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The partial release of a special jury report on Thursday could provide one of the most significant insights yet into a long-running Georgia investigation investigating whether Donald Trump and his allies committed a crime in their efforts to overturn the presidential election. Here’s everything you need to know about that hearing and what to expect next.
Related: Trump’s political fate may have been decided — by a grand jury in Georgia
What exactly happens on Thursday?
Since May last year, a special grand jury in Fulton County, Georgia, has been investigating whether Donald Trump committed a crime under state law when he attempted to overturn the 2020 election by pressuring state officials to try to secure Joe Biden’s victory in the stands.
The grand jury concluded its work in January. On Thursday, three parts of the grand jury’s report to the Fulton County District Attorney will be made public. Those three sections are the report’s introduction, conclusion, and a section discussing whether witnesses appearing before the grand jury may have lied.
The revelation comes after a court ruling in January in which media organizations urged a Fulton County judge to make the full report public. Prosecutors resisted the full release until they made a decision on whether to press charges — a decision the Fulton County district attorney said was “upcoming.”
On Monday, Fulton County Judge Robert McBurney ordered the release of the three sections, but said releasing the full report could jeopardize the due process rights of people who may be named in it.
The special grand jury — which consisted of 23 jurors and three alternates — recommended that its report be made public.
Will we know on Thursday if Trump will be charged with a felony?
Not necessary. The special grand jury likely made a recommendation on whether or not to press charges against Fani Willis, a Democrat serving in her first term as Fulton district attorney. Willis can go to a regular grand jury and press charges. The portions released Thursday may provide a glimpse into the grand jury’s thinking.
Why is this such a large investigation?
Trump and allies have yet to face criminal consequences for their efforts to overturn the 2020 election. The Fulton County investigation could mark the first time charges have been brought against Trump and allies for those efforts. The US House committee investigating the January 6 attacks also issued a criminal referral to the Justice Department, which is also investigating Trump’s actions after the 2020 election.
What is a Special Purpose Grand Jury?
A special grand jury sits to investigate one subject and has no time limit. It can subpoena witnesses, unlike a regular grand jury, but cannot indict anyone. Instead, it makes a recommendation to prosecutors on whether or not to proceed with charges.
A regular grand jury sits for a set amount of time and hears a wide variety of cases. It may eventually issue an indictment.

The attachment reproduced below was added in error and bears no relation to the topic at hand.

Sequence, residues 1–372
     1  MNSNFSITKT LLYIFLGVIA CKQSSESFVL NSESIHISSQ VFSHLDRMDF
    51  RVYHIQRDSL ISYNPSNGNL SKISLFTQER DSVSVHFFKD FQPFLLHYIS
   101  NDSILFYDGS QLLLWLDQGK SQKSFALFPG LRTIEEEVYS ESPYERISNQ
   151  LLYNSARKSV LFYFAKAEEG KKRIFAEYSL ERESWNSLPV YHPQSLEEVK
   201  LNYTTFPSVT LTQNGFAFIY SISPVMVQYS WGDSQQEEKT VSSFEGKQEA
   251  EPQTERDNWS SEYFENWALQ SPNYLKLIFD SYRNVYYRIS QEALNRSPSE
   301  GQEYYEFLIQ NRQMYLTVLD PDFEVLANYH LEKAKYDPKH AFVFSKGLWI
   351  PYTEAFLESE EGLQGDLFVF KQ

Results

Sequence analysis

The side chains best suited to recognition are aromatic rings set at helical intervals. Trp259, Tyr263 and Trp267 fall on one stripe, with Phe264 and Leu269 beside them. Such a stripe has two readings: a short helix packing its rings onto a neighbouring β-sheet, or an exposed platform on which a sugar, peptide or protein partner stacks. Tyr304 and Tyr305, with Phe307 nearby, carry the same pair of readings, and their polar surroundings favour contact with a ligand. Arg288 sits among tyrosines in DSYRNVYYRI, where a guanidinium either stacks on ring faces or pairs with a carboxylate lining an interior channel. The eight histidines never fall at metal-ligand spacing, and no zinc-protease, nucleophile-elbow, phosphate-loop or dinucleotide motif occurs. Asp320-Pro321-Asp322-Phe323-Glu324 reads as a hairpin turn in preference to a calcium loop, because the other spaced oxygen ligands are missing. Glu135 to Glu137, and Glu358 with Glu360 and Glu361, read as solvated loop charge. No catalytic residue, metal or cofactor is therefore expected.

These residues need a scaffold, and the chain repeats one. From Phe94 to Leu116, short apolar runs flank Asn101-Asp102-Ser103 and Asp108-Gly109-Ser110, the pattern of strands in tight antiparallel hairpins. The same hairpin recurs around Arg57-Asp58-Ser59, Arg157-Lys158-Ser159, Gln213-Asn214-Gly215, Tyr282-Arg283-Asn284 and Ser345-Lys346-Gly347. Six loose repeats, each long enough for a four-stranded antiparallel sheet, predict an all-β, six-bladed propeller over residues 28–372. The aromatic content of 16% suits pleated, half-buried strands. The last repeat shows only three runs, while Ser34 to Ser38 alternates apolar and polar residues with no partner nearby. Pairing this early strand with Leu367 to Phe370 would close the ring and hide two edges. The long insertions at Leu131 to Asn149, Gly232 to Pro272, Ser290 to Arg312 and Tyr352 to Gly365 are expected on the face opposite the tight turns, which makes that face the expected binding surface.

Why is all this happening in Fulton County, Georgia?
After the 2020 election, Donald Trump and his allies have repeatedly tried to get Georgia state officials to overturn the 2020 election. Many of those actions took place in Atlanta, Fulton County.
Those efforts include Trump’s infamous phone call to Georgia Secretary of State Brad Raffensperger requesting that the election be overturned. “All I want to do is this: I just want to find 11,780 votes, that’s another one we have because we won the state,” Trump told Raffensperger, who declined the request.
In 2020, Trump campaign officials also appeared at a legislative hearing in Georgia and advanced false allegations of fraud.
Willis has also told Rudy Giuliani, who played a key role in spreading misleading election information in Georgia and elsewhere, that he is a target of her investigation. Other targets are said to be those who took part in Georgia’s attempt to send fake presidential voters to Congress. Those targets include David Shafer, the chairman of the Georgia GOP, and Burt Jones, a 2020 Republican senator who is now the state’s lieutenant governor.
Willis’ investigation also reportedly includes a phone call from Senator Lindsey Graham to Raffensperger in which Graham asked if Raffensperger had the authority to throw away absentee ballots. Willis is also looking into efforts to remove BJ Pak, the former US attorney with jurisdiction over Atlanta, who refused to join Trump’s efforts to overturn the election.
Related: Grand jury in Georgia 2020 Trump election probe completes work
What criminal charges could Trump face?
There is a menu of legal charges that may be available to prosecutors, legal experts have noted. Georgia law makes it illegal to knowingly solicit, order, or induce another person to engage in electoral fraud. Another state statute makes it a crime to interfere with an election official while they are trying to carry out their official duties.
Willis may also prosecute RICO – Racketeer Influenced and Corrupt Organizations – charges against Trump and his allies. Relying on RICO, Willis was able to charge multiple defendants at once, showing they were part of a wider conspiracy to disrupt the election. Willis has used the statute in the past and hired an attorney who specializes in RICO cases to assist with the Trump investigation.
Who testified before the special grand jury?
The grand jury heard from 75 witnesses. Elected top officials, both nationally and in Georgia, have appeared before the panel. It has heard testimony from Georgia Governor Brian Kemp and Raffensperger, as well as Giuliani, Graham and Mark Meadows, Trump’s former chief of staff. The last three went to court to avoid appearing. All three were unsuccessful.